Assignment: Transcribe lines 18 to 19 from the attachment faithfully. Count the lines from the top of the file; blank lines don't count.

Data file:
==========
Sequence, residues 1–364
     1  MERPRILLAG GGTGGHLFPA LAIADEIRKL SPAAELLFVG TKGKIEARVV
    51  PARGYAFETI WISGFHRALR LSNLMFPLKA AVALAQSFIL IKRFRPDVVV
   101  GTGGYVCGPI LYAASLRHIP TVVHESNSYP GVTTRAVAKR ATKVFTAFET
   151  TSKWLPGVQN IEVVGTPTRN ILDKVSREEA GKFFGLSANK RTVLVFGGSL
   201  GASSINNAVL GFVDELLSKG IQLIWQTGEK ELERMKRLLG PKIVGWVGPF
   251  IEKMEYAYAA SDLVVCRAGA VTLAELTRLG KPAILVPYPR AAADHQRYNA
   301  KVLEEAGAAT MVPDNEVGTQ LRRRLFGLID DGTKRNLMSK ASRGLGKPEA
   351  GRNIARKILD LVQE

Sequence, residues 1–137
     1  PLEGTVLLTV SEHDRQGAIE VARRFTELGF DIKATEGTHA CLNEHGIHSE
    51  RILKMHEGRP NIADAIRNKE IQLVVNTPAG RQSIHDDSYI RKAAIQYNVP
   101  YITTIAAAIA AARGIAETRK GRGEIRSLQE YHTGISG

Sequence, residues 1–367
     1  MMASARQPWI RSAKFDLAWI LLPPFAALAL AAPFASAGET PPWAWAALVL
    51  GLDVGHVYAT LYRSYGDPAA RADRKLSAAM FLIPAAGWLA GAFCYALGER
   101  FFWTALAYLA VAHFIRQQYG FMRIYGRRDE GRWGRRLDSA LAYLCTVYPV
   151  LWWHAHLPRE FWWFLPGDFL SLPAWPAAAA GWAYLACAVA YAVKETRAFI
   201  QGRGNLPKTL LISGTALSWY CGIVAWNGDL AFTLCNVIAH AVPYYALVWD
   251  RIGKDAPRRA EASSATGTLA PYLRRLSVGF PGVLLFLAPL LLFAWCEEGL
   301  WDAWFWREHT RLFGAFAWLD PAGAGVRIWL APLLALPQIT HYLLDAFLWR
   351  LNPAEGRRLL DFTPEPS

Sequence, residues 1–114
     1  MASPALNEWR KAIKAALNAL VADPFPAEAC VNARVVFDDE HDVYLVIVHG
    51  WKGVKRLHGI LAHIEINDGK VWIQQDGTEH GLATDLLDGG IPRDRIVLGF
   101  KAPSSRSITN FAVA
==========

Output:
   151  LWWHAHLPRE FWWFLPGDFL SLPAWPAAAA GWAYLACAVA YAVKETRAFI
   201  QGRGNLPKTL LISGTALSWY CGIVAWNGDL AFTLCNVIAH AVPYYALVWD